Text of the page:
Kewaunee County Historical Society
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Events for Kewaunee County Historical Society 2016
SATURDAY, APRIL 14TH at 1:00pm

 Join us for our annual meeting our guest speaker will be Don Youniss, his presentation will be The Orphan Train. The Orphan Train movement was a supervised welfare program that transported orphaned and homeless children from crowded Eastern cities of the United States to foster homes, located largely in rural areas of the Midwest. The orphan trains operated between 1854 and 1929 relocating about 200,000 orphaned, abandoned or homeless children. One train stopping in Green Bay placing a number of orphans in our area. In 1893 Annabell Kelly mother of Luxemburg native Eleora(DoDo) Liebl arrived in Green Bay on of the Orphan Train. The presentation will be followed by a social including a light lunch and refreshments. 

Signs of Kewaunee County
Download map and signs by number by clicking on brochure!
Stop on by the Kewaunee County Historical Society and pick up a brochure!

1106 Colle St. Luxemburg 
Wednesday, Thursday, Friday, Saturday
 MAY 16th, 17th, 18th, & 19th, 2018

  Members of the Kewaunee History Society are searching their basements, closets, and garages for items for the Luxemburg Village wide rummage sale. All profits will be used for the museum and society needs. Anyone interested in contributing items for the sale can call and drop off items by Arletta Bertrand 845-2972, Mary Reckelberg-845-2465, or Judy Srnka-487-5728.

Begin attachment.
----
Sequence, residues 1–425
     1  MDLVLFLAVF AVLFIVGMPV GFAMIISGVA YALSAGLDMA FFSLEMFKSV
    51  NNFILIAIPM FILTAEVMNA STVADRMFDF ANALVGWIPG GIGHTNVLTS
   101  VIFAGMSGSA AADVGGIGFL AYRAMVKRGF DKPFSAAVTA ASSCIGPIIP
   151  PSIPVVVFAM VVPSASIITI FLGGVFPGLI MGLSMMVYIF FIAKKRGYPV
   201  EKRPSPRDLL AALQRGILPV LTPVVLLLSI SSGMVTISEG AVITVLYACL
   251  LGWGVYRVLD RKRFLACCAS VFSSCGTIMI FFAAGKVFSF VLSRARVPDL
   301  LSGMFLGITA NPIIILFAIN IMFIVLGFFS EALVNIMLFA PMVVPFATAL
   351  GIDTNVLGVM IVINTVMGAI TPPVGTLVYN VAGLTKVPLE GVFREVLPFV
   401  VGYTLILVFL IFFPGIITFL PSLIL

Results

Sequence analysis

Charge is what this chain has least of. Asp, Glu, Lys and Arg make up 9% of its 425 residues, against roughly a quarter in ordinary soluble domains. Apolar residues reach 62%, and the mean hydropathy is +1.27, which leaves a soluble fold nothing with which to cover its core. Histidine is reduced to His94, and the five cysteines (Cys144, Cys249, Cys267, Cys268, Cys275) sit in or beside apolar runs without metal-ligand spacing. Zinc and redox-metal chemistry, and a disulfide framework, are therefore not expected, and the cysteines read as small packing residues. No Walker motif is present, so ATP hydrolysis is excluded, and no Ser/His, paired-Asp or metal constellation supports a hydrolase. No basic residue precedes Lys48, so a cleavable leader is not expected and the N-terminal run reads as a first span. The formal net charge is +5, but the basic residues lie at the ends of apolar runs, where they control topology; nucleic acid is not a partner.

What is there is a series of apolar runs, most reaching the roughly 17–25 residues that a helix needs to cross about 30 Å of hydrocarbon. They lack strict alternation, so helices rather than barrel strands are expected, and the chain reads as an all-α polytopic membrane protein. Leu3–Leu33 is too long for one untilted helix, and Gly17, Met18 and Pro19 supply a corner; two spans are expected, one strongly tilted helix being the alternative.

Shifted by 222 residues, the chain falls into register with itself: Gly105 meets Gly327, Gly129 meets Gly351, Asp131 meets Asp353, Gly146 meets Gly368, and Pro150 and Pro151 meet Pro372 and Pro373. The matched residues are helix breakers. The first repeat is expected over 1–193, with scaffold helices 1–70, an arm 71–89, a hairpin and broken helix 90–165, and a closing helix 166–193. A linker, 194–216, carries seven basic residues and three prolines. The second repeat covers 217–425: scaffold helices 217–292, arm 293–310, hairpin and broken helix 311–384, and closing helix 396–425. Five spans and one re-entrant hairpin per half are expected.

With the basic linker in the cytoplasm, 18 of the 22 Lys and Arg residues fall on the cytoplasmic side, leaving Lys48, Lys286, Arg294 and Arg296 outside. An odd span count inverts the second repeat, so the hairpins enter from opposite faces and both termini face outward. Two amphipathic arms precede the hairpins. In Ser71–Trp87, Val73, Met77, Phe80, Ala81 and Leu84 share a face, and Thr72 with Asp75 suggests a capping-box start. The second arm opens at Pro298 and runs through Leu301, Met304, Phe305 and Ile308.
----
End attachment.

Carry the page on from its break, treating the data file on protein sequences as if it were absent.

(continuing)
Annabelle Kelley Photo
Orphan Train

    Charles Dikeman was a lumberman of Saginaw, Michigan and came to Kewaunee County in the employment of Daniel Slauson and Issac Taylor. In 1863, he purchased 4,200 acres of forest land in the Town of Coryville, which later became West Kewaunee.  He ran his lumbering business until 1886, when illness forced him to retire.

    The Dikeman village pictured in the print consisted of about 30 buildings, including a steam powered lumber and shingle mill, store, and dwellings for 15 families, plus the sleeping quarters and cookhouse for the unmarried workers.

    The village boasted on saloon privately owned and operated by an individual by the name of Breszinsky at the east end of the village.  The store carried a general stock of goods required both by himself and family as well as his employees.   The population of the village was about 80 people of whom 30 to 40 were employed about the mill, store and surroundings.

    In 1878, Charles Dikeman erected a palatial mansion of architectural grandeur surrounded by artificial spring fed fish ponds, deer enclosures, nicely laid out grounds with bridges and graveled walks with a conservatory supplying choice flowers at all seasons of the year.  It was a grand sight, much the representation of a castle of the middle ages.

    He built the home with his own hands and material and furnished it with many conveniences unheard of so far distant from a large city.  For many years it was the show-place of the county and was famous for many festivities and social gatherings.
Charles Dikeman's Mill